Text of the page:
What do you need to know as a trustee buying a house for a beneficiary?
A property, purchased for a beneficiary that turns out to have a leaking roof and cracked walls can result in a lot of time spent and anxiety for a trustee. Attempting to resolve these issues and properly discharge its duties pursuant to the trust document, can cause additional expense for the beneficiary. The process can be made all the more difficult because the trustee does not reside in the property, or experience the issues within the property first hand.
The problem is that quite often, what you see is not what you get, if there are hidden defects in the construction of the home.
If defects are identified, will the developer or the builder or both be liable for the rectification of those defects?
The following summary, drafted to assist in the process of buying a property for a beneficiary, provides an outline of:
- pre-purchase considerations;
- investigating and identifying defects;
- who is liable for rectification; and
- what action can be taken, and when.
Please note that this summary does not apply to strata title properties, and assumes that the trustee has power to purchase the property under the trust instrument, and it is a prudent investment.
Before purchasing a property
Prior to exchanging contracts to purchase a residential property (within the cooling off period at the latest) a pre-purchase inspection report by a building consultant, preferably an experienced qualified builder, should be obtained.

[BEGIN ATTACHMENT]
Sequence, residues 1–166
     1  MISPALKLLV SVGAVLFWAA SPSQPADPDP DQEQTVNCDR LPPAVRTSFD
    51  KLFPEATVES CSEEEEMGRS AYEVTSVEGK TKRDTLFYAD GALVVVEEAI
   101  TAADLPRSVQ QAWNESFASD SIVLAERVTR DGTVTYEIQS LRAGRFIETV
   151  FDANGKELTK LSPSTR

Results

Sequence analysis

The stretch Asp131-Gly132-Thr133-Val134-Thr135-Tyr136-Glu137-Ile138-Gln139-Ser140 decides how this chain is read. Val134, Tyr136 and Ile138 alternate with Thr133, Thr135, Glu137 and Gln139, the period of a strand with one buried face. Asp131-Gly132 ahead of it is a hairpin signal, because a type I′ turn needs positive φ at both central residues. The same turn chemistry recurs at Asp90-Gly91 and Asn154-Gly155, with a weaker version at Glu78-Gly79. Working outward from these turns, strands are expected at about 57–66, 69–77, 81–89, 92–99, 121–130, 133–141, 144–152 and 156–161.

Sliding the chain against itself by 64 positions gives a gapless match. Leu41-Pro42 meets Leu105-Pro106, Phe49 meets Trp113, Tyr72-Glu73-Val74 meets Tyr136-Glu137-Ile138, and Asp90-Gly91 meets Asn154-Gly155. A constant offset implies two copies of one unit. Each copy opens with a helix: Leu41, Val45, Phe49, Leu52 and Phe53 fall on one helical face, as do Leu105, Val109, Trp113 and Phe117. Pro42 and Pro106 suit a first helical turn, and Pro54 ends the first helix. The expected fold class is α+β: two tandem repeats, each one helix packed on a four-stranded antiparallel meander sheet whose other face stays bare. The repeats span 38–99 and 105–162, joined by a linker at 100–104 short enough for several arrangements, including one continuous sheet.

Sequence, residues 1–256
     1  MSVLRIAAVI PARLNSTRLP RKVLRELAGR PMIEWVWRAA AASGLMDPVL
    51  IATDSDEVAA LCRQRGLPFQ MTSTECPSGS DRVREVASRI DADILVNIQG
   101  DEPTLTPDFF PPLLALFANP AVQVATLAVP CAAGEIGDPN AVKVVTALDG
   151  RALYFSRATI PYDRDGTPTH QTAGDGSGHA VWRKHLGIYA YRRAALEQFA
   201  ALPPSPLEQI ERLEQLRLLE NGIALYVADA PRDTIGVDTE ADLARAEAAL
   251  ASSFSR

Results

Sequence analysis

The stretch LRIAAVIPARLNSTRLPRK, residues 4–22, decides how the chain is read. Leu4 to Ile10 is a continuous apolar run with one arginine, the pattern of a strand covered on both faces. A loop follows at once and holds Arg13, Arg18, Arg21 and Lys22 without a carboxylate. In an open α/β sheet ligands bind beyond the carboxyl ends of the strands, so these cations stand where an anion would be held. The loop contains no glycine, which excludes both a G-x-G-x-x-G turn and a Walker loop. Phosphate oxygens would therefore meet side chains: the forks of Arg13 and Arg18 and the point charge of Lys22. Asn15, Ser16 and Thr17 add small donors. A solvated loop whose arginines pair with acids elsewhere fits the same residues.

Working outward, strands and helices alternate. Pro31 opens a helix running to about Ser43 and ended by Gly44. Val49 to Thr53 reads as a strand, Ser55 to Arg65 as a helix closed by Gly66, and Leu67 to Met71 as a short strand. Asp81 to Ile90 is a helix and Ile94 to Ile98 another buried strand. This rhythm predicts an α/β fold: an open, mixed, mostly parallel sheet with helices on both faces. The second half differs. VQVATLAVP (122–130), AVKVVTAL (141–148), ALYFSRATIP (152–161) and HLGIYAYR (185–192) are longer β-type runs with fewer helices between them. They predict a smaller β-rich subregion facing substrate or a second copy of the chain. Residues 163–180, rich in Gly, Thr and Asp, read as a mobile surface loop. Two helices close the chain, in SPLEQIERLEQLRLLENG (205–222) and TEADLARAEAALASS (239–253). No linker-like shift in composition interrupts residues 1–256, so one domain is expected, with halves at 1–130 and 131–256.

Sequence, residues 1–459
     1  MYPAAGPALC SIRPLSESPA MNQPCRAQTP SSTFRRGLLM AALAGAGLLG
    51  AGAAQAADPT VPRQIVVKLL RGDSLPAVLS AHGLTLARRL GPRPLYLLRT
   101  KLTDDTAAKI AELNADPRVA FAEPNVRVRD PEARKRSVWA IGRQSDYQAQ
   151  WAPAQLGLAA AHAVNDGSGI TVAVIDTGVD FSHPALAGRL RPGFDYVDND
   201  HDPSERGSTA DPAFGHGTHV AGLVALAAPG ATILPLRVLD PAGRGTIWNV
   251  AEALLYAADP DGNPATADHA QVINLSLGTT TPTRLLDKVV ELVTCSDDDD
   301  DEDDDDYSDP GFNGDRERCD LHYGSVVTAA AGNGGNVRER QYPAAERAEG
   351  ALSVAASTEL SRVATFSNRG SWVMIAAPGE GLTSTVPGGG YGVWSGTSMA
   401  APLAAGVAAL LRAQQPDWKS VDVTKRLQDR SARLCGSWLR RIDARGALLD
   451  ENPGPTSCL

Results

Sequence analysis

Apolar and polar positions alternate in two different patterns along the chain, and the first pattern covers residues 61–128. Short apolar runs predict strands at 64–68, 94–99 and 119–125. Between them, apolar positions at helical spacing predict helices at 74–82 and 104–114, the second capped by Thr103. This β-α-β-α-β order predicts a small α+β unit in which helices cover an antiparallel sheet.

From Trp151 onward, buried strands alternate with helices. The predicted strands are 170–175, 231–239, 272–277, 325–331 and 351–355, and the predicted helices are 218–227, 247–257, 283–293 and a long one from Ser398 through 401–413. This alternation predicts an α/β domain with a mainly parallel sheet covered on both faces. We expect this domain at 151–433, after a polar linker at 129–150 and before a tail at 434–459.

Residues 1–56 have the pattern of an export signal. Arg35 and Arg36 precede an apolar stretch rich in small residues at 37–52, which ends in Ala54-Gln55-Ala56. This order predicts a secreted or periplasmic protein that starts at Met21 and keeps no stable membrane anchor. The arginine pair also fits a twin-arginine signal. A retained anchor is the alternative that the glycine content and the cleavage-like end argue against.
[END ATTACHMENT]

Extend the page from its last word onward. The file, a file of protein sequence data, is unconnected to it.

The report must:
- adopt the Australian Standard for pre-purchase building inspection reports;
- make the trustee aware of the nature and extent of any problems; and
- indicate how the problems will affect the property in the long term.
The trustee can then decide whether to proceed with the purchase, or negotiate a lower purchase price to reflect the cost of rectification of the defects.
Tip – If the house was built, or alterations and additions were constructed less than six years ago, make sure there is a home warranty insurance certificate in the contract.
Tip - If the report identifies defects requiring rectification, the trustee will not be able to make a claim for the identified defects against the builder or developer after the purchase.
What if defects appear after the purchase?
Statutory warranties about defects
A builder who undertakes residential building work (and any developer for whom the work was done) gives to the owner of the property (and to those who later purchase the property from the original owner) the warranties set out in s18B of the Home Building Act 1989 (NSW). The warranties are implied in all building contracts for residential building work and cannot be excluded.
The principal warranties are:
- that the work will be performed with due care and skill;
- that the work will be carried out in accordance with the plans and specifications set out in the contract; and
- that the work will be done in accordance with, and will comply with law.
Provided that it can be shown that:
- the defect is the result of the breach of one of the warranties above;
- the trustee was unaware of the defect when the property was purchased;
- the warranty hasn't already been enforced in relation to the defect; and
- the house was built or the alterations and additions were constructed less than six years ago;
- the builder or developer may be ordered to rectify the defect, or to pay the cost of rectification.